He also vowed that United would changed it’s policy and never again use law enforcement to take passengers off a flight to resolve overbooking situations.

Conclusion

Apart from the fact that it took United management three attempts and now this interview to explain the company’s position in appropriate way, I feel like there is more to the story. There is a rotten core in United Airlines corporate culture, and I’m not sure if it’s possible to weed it out just by changing management.

Hopefully some good policy changes will come out of this complete disaster, apart from financial compensation for the gentleman involved in the Chicago incident who has since taken legal action in a Chicago court requiring United to preserve evidence in the case.

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  • McCaron

    Oscar Munoz needs to be disembarked from UA !

    • David Stevenson

      you mean re-accommodated!

  • Gary Gray

    This is turning out to be one of the worst brand degradations in recent history. It’ll be interesting to see if this gets swept under the carpet or if new policies are in place. It’s just too big a PR nightmare. Surely, no brand can withstand this over time. My FB is filled with an high amount of United customer service satire. Personally, I happen to be switching over to Delta as my UA gold has run out – I actually had decent experience with my many long haul UA flights – except the last that had minimal in-flight entertainment.

    • Joseph Merrick

      They have decided to offer drastic pre-flight entertainment instead…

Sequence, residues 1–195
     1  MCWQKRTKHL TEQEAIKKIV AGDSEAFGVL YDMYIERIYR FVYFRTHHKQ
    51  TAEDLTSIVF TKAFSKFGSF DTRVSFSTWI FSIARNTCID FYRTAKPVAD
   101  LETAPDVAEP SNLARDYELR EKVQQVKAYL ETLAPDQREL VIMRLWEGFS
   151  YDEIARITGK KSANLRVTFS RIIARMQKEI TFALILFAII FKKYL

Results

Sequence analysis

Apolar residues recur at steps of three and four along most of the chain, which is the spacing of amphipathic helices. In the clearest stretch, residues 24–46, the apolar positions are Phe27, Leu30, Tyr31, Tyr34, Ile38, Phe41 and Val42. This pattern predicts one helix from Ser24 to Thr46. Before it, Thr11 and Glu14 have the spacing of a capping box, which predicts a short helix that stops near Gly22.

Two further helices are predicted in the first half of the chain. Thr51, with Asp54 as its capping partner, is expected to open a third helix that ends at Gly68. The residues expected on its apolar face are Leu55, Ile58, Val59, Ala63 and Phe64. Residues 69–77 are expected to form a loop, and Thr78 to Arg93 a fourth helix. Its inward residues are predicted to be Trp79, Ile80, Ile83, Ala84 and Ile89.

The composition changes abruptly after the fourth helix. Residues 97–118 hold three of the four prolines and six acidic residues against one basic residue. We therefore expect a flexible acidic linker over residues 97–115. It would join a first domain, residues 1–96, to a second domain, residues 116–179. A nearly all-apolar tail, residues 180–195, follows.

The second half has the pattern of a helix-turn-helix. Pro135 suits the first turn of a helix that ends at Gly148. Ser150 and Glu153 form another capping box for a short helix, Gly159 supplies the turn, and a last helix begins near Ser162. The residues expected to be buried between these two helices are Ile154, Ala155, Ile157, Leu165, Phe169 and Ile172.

• Xavier

    Again, it’s Muñoz, Muñoz!!

    • frischky

      As it should be “United States” in any language, not “Estados Unidos” or “États Unis” or “Vereinigte Staaten”

      • Xavier

        Of course, but it’s not related to my comment.

    • NYC10036

      I wish the “nya” were our biggest problem right now… Ay, Xavierito, this makes us look ridiculous. I am just horrified that a Chicano expressed zero sympathy and tried to justify violence against another person of color…elderly, no less–or another person, period. He is our community leader, and he needs to behave accordingly. Not a time to be diverting attention to spelling.

      • Xavier

        The biggest problem it’s so clear that don’t need more comments. I’m pointing out another problem. Lower importance problem but problem anyway.

  • Barbarella

    Since they were not able to launch the new Polaris business class on all domestic routes, they decided to launch the new service: The Fight Club economy with over 100% seat occupancy. Munoz deserves a life term CEO position.

    • superduper

      United Flight Club! not your normal UFC…

  • superduper

    paid ticket for actual flight vs swapped plane passenger… the swapped plane passenger should get the short end of the stick and seat in economy. why screw 2 passengers, when you can screw 1 really badly and compensate him?!

    lol

  • Andy

    Notice the deafening 6 second pause when he was asked if he thinks the doctor was at fault for the situation…..

  • Holiday_Hero

    Do Nazis work for United. Or can they not use their tiny brains in these situations. Sack them from the top to the bottom.

  • DrewT

    Ummm… this is -from- Hawaii, not to Hawaii…

  • richard